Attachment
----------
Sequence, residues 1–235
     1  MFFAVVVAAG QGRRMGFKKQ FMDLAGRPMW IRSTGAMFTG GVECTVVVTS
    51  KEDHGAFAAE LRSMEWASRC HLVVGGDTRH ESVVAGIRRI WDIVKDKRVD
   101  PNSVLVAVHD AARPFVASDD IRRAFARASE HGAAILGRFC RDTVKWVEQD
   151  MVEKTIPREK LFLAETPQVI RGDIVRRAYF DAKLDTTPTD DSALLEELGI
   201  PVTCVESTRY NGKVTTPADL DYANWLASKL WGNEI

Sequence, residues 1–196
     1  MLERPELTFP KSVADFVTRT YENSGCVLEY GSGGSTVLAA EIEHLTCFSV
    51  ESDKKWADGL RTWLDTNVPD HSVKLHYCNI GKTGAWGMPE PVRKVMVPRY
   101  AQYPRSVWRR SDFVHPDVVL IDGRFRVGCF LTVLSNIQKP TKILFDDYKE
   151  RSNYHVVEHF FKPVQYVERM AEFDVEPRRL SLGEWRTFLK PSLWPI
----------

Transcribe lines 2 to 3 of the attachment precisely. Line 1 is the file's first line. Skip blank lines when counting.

     1  MFFAVVVAAG QGRRMGFKKQ FMDLAGRPMW IRSTGAMFTG GVECTVVVTS
    51  KEDHGAFAAE LRSMEWASRC HLVVGGDTRH ESVVAGIRRI WDIVKDKRVD